What is Mental Health First Aid (MHFA)?
MHFA was first developed by Professor Tony Jorm and Betty Kitchener OAM in Australia in the year 2000 with an aim to provide high quality, evidenced based mental health first aid education to everyone.
Regular first aid courses are recognized as improving the public's skills in giving initial and appropriate help at medical emergencies but, unfortunately, most of these courses do not address helping with mental health problems.
MHFA will ensure that the skills to assist people with mental health problems will spread beyond mental health professionals, and that the program will fulfill its aim of contributing towards improved support, early detection and treatment of mental health problems and reducing the stigma attached to mental illness.
Mental Health First Aid is the help given to someone experiencing a mental health problem before professional help is obtained.
The aims of MHFA are:
- To preserve life when a person may be a danger to themselves or to others;
- To provide help to prevent the mental health problem developing into more serious state;
- To promote the recovery of good mental health;
- To provide comfort to a person experiencing a mental health problem;
- To raise awareness of mental health issues in the community;
- To reduce stigma and discrimination.
MHFA does not teach people to be therapists. However, it does teach people:
- To recognize the sign and symptoms of mental health problems;
- To provide initial help;
- To guide a person towards appropriate professional help.
Why Mental Health First Aid?
Mental illness is a pressing concern for societies worldwide. Around 450 million people suffer from mental health problems in the world and it is the fourth highest cause of death in global indexes. Depression, a serious and prevalent mental illness, is the second leading cause of disability worldwide. Globally suicide is the second leading cause of death among the people between 15- 29 years of old.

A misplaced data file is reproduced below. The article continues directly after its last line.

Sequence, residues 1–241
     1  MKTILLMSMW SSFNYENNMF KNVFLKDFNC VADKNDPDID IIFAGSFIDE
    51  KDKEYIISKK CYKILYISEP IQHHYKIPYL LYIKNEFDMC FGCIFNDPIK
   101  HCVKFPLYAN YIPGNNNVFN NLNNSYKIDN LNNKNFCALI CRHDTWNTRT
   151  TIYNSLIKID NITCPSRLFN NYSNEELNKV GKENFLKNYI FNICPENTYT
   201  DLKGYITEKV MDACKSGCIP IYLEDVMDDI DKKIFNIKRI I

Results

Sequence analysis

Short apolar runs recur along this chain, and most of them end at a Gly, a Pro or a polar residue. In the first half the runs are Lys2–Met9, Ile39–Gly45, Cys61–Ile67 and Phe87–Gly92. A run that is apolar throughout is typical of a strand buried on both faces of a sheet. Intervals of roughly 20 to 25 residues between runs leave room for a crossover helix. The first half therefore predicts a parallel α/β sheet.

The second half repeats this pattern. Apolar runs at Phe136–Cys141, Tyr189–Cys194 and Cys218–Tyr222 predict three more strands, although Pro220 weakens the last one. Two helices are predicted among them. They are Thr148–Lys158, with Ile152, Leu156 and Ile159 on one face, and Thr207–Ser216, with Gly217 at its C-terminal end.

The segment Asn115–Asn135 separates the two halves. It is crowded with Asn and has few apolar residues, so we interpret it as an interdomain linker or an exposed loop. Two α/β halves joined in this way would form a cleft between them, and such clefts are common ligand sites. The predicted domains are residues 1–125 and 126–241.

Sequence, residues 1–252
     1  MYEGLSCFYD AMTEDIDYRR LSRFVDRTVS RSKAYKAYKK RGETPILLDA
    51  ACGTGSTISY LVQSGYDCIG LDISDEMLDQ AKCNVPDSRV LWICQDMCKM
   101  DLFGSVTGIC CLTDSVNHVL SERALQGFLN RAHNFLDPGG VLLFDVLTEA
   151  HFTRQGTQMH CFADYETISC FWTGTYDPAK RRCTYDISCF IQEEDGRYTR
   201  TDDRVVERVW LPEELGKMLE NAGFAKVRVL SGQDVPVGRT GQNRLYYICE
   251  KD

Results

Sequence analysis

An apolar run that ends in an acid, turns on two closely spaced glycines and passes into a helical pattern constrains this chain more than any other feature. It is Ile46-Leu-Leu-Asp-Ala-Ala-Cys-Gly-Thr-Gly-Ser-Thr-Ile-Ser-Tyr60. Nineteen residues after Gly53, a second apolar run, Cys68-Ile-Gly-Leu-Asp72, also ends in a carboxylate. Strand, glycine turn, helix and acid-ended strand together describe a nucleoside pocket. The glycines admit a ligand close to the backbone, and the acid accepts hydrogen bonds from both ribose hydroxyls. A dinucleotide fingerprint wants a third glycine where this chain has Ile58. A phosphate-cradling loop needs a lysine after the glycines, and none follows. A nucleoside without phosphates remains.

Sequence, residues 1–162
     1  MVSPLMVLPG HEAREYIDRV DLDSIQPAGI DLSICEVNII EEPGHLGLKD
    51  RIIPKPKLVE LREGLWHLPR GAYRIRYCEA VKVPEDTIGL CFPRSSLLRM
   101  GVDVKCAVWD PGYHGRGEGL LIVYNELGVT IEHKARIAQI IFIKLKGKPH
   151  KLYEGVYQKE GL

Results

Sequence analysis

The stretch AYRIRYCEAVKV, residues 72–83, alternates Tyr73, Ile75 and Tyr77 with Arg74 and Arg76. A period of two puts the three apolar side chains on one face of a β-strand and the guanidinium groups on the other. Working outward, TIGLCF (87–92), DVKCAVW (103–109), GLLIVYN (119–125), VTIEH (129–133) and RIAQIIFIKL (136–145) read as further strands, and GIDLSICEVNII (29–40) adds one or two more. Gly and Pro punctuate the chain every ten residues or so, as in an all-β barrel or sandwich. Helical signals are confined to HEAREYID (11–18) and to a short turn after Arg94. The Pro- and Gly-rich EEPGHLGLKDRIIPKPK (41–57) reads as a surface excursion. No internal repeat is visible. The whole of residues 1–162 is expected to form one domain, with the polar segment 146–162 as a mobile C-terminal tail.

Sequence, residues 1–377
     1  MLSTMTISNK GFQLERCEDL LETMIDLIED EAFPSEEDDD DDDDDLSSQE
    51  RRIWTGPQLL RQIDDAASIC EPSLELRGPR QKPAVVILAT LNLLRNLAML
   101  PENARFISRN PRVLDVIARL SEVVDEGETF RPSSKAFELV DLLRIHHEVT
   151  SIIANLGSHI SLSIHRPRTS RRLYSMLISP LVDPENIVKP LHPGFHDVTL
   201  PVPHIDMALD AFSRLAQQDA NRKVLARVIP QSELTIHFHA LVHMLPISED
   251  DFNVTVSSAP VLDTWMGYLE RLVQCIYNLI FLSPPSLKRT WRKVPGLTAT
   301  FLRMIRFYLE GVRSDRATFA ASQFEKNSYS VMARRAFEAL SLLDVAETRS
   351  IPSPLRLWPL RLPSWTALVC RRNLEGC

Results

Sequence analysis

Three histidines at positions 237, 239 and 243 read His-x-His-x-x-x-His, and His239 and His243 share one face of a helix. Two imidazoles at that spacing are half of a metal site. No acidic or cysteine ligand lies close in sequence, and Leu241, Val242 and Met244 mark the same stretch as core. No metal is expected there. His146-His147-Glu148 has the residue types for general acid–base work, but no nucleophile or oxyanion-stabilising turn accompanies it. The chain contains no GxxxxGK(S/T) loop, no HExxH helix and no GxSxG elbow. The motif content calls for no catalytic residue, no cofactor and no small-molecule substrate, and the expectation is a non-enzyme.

In Bangladesh, the 2003-2005 national survey suggests that 16% adults and 18% children suffer from mental illness. To put this into context, that is approximately 25 million adults and 28 million children suffering from mental illness. According to Bangladesh police report, every year 10,000 people commit suicide in our country. Compare that to only 200 psychiatrists, 50 clinical psychologists and 800 beds dedicated to mental health services in the state level. Altogether they cover only 1% of the estimated needs and the treatment is predominantly based on medical model. The comprehensive treatment model for ensuring effective recovery and full rehabilitation including, social and economic empowerment of the people suffering from mental illness is still absent in Bangladesh.
More over negative perception and stigma is deeply rooted in people’s mind in relation to mental illness, which prevents people with mental illness to seek professional help.
People are often ashamed to discuss mental health problems with family, friends and work colleagues. They may also be reluctant to seek professional help for such problems because of their concerns about what others will think of them.
Many people are not well informed. Understanding how to recognize mental health problems and what effective treatments are available is not widespread. As a result people may not know where to seek help or what kind of help might be useful. With greater community awareness, people will be able to recognize their problems and feel more comfortable about seeking professional help.